On Thursday of last week, Second Gentlemen Douglas Emhoff and senior Biden administration officials coordinating pandemic relief grants for arts organizations met with local arts and cultural leaders for a conversation on the stage at the Ebell of Los Angeles.
Shelly C. Lowe, Chair of the National Endowment for the Humanities, Isabella Casillas Guzman, United States Administrator of the Small Business Administration, and Ayanna Hudson, Acting Deputy Chair for Programs and Partnerships at the National Endowment for the Arts, joined Mr. Emhoff in a discussion with federal grant recipients Betty Avila, Executive Director of Self-Help Graphics, Jacqueline Stewart, Chief Artistic and Programming Officer at the Academy Museum of Motion Pictures, Danny Feldman, Executive/Artistic Director for the Pasadena Playhouse, and Stacy Brightman, Executive Director of the Ebell.
Mr. Emhoff, who was in Los Angeles as part of the Biden administration contingent for the Summit of the Americas, has been traveling the country talking to arts organizations recovering from pandemic shutdowns. The listening sessions allow Emhoff to hear first-hand how federal assistance provided a lifeline to keep the organizations going following the shutdowns ordered during the COVID-19 pandemic.
“I am a longtime supporter of the arts,” said Emhoff, an entertainment lawyer by profession. “My children are both in the arts, as well as other members of my family. I love having the opportunity to meet arts professionals. Listening to Tonality (a vocal ensemble that rehearses at The Ebell and was invited by Stacy Brightman to perform for the visit), you realize you cannot get that experience online.”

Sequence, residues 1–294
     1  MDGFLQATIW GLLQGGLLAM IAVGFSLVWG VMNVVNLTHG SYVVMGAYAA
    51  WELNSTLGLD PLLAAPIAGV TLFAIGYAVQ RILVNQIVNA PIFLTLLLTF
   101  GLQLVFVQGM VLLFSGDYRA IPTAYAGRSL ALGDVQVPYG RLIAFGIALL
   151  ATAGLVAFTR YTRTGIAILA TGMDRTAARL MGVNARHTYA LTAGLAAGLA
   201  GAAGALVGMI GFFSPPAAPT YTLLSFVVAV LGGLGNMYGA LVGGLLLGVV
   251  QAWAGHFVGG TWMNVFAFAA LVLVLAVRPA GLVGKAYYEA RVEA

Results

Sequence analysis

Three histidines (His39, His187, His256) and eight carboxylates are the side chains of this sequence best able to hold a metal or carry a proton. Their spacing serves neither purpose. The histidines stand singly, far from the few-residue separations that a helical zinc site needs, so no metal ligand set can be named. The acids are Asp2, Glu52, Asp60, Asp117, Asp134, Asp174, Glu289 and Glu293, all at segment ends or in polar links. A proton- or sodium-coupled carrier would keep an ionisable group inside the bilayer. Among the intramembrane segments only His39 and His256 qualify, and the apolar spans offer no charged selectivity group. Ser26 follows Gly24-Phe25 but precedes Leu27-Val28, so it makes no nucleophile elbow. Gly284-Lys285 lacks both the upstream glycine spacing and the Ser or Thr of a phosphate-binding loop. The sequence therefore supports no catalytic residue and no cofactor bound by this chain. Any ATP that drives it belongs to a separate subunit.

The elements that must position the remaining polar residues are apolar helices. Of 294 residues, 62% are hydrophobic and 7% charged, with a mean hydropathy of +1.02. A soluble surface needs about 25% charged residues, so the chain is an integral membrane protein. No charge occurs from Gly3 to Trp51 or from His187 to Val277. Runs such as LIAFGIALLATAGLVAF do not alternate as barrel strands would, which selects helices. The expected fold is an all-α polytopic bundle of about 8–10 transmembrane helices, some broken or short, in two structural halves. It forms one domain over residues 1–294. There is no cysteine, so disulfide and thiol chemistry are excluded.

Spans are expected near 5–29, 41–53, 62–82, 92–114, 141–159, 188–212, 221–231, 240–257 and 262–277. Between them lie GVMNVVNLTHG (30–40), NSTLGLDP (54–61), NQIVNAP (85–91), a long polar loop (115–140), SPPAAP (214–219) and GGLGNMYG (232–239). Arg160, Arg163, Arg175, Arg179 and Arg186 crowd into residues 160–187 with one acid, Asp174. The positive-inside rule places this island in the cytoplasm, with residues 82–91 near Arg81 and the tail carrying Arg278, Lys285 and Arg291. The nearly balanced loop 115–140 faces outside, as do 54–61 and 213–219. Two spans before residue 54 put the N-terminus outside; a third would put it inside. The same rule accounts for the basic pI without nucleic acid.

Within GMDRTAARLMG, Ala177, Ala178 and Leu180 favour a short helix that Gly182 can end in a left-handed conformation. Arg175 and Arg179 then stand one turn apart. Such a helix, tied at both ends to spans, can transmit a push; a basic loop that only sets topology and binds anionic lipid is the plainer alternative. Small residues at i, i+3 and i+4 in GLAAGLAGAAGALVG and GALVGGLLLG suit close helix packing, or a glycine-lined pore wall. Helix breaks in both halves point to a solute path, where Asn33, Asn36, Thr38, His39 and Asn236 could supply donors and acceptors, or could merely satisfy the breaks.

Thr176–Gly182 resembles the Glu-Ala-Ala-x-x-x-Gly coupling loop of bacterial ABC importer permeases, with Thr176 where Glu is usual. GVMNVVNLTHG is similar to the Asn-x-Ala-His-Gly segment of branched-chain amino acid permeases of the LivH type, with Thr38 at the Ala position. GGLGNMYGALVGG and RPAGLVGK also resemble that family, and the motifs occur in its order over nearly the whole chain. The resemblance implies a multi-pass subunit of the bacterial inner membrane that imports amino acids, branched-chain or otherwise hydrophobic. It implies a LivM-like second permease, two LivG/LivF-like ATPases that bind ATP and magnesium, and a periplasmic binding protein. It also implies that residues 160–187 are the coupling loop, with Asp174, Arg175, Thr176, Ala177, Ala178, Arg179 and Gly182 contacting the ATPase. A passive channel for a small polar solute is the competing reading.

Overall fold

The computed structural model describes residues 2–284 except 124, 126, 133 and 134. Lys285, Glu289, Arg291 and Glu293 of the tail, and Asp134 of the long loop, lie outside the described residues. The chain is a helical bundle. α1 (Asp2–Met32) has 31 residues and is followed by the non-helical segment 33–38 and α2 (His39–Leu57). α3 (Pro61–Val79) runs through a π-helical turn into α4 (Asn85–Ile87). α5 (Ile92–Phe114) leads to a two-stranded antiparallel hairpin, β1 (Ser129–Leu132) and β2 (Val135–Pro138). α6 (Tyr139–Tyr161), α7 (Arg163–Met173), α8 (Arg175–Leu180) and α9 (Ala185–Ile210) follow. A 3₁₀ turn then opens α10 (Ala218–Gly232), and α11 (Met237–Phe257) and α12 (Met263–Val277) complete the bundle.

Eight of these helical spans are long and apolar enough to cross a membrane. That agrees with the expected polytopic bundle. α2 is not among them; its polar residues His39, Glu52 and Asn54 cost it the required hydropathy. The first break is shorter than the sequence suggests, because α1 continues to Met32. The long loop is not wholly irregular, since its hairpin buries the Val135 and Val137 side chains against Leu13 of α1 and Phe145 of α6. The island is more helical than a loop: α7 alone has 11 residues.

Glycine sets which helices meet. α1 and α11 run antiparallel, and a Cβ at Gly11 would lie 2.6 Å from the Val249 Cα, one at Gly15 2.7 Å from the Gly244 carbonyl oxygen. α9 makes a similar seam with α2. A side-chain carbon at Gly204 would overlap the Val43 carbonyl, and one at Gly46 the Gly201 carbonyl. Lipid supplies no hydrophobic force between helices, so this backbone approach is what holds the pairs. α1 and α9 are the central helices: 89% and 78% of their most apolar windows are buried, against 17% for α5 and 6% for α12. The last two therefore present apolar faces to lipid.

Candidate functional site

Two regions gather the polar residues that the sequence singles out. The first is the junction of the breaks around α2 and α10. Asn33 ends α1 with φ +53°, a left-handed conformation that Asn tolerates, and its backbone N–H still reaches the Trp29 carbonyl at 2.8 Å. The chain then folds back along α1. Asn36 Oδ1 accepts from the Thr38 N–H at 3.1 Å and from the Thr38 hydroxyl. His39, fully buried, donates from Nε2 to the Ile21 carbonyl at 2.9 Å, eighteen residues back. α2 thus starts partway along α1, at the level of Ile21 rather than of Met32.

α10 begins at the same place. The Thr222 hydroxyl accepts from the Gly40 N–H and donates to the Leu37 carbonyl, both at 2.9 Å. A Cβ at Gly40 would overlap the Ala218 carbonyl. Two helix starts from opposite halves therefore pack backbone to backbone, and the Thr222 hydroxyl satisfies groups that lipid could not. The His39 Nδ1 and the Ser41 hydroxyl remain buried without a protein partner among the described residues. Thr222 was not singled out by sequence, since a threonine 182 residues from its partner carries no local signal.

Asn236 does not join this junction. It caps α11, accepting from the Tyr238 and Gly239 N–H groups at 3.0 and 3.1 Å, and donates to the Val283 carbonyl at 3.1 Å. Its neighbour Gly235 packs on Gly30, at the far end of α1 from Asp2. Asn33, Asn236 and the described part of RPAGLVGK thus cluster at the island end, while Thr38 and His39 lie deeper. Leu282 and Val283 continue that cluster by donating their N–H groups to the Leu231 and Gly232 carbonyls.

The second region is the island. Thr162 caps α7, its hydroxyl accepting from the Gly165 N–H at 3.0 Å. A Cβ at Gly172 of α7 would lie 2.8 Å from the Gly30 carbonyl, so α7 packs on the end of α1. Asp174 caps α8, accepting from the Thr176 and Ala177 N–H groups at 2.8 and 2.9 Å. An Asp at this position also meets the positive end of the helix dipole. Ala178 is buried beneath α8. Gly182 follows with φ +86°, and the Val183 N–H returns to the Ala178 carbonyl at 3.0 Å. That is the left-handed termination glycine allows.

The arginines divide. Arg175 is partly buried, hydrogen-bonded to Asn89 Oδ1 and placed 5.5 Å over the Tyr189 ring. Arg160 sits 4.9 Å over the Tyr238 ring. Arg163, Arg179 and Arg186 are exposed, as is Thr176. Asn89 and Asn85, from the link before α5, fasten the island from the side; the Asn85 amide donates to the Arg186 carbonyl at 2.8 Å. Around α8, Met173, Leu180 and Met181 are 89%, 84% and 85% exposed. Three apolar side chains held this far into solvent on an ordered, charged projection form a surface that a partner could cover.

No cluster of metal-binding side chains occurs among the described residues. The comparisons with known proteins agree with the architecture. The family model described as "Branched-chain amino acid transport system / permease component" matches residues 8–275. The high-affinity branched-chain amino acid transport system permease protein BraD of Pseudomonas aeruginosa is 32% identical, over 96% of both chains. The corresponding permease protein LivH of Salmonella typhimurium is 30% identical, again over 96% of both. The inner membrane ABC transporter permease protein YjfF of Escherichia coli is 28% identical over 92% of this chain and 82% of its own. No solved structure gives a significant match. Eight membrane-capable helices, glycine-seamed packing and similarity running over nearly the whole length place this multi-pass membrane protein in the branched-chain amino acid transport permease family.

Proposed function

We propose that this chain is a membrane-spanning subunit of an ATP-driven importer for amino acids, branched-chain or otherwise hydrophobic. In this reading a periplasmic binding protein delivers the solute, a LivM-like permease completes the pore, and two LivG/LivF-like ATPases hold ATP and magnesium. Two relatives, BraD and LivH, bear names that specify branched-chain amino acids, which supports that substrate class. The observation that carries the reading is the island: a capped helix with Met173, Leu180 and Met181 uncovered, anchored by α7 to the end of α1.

Emhoff noted that California receives a large number of federal grants for arts organizations and said he was delighted to sit down with four senior leaders of local arts organizations to hear first-hand how their organizations navigated the pandemic shut downs.
Betty Avila, Executive Director of Self-Help Graphics, a community arts organization founded in 1973 that supports Chicana/o and Latinx artists, said the federal assistance provided by the CARES Act allowed her to stabilize her organization and avoid falling back. The Coronavirus Aid, Relief, and Economic Security Act, also known as the CARES Act, is a $2.2 trillion economic stimulus bill passed by the 116th U.S. Congress and signed into law by President Donald Trump on March 27, 2020.